Warlick ready to replace Summitt

Warlick ready to replace Summitt

Posted: Tuesday, May 1, 2012 7:00 pm

By TERESA M. WALKER
AP Sports Writer
KNOXVILLE (AP) — Holly Warlick has her work cut out for her as Tennessee’s new women’s basketball coach.
She is replacing Pat Summitt, which has been compared to following Dean Smith at North Carolina, John Wooden at UCLA or Bear Bryant at Alabama.
Warlick, however, says she’s simply taking over a program she’s very familiar with for her close friend.
And just like Summitt, Warlick welcomes a challenge.
“This is what I do,” said Warlick, Tennessee’s first new head coach since Summitt took over in 1974. “I’m a basketball coach, and I’ve been it all my life. I’ve learned from the best, so I don’t see it as I’m following a legend. I’m following a mentor who’s prepared me for this opportunity.
“Very honored, privileged, and I’m ready to go to work.”
Warlick has her hands full.
Not only did Summitt set a seemingly unreachable standard with 1,098 wins and eight national titles in her 38 seasons, five seniors are gone from last year’s team. So Warlick’s success will depend on convincing great players to keep coming to Tennessee.
The Lady Vols have been waiting since the spring signing period opened April 10 on junior college prospects Uju Ugoka and Wilka Montout, while high school junior Kaela Davis of Buford, Ga., announced in February she was looking at other colleges after being committed to playing at Tennessee for several years.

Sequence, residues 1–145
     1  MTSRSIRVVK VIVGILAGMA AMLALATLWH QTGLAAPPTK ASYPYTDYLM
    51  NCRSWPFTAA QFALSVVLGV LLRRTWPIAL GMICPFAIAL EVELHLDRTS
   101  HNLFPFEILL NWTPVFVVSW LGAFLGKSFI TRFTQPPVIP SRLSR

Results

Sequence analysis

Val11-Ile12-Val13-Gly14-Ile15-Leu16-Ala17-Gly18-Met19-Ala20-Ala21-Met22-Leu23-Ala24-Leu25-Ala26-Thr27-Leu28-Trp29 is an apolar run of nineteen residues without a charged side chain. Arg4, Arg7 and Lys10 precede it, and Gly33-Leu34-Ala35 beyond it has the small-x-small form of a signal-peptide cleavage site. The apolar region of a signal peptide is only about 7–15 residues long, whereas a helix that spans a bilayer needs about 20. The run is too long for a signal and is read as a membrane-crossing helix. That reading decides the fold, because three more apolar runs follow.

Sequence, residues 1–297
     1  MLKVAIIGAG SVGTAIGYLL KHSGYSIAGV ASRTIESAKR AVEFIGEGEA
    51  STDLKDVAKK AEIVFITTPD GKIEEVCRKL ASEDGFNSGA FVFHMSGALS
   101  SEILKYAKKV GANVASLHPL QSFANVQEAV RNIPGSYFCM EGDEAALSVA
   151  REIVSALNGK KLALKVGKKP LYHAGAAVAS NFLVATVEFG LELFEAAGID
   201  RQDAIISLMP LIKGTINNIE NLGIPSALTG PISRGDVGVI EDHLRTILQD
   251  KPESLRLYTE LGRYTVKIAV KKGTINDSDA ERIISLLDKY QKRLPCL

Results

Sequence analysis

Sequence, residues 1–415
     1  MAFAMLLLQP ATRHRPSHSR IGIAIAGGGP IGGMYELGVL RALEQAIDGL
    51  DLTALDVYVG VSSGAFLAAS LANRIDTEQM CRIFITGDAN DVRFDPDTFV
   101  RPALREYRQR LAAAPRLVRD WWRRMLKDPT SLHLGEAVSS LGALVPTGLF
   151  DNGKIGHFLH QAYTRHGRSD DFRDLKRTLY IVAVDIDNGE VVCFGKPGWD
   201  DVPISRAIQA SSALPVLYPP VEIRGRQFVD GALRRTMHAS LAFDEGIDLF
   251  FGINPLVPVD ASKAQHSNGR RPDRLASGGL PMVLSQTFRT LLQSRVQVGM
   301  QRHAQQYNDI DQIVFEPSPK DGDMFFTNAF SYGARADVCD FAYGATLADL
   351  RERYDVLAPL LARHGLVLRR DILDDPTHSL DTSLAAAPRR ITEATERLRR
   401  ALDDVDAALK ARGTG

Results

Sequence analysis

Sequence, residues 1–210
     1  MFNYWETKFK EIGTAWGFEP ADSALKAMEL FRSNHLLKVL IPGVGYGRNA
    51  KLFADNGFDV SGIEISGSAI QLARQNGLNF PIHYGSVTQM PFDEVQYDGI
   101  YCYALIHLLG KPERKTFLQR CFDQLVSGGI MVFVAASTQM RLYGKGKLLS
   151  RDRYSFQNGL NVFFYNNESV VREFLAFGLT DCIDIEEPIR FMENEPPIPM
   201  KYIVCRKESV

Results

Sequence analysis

Warlick said the uncertainty over Summitt’s future was a little bit of a concern. But she and assistant Dean Lockwood immediately got on the phones after Wednesday’s announcement, and she said the feedback they’ve received has been good.
Summitt sticking around as head coach emeritus helps as well.
“It’s been really a positive response for us on the recruiting side,” said Warlick, who also has to quickly hire two new assistants.
Lost in the season-long saga over what Summitt would do following her announcement Aug. 23 of her diagnosis with early-onset dementia, Alzheimer’s type, was Warlick’s role with the team. She took the lead during games, holding the clipboard in the huddles, and talked with reporters afterward.
The Lady Vols went 27-9 and won a 16th SEC tournament title.
A Knoxville native, Warlick was one of Summitt’s earliest recruits and became a three-time All-American between 1976 and 1980 when Tennessee went 118-23. She was the first Tennessee athlete to have her jersey retired at the end of her career.
Warlick went into coaching and started as an assistant at Virginia Tech between 1981 and 1983 before moving to Nebraska for two seasons. Published in The Messenger 5.1.12

Leave a Comment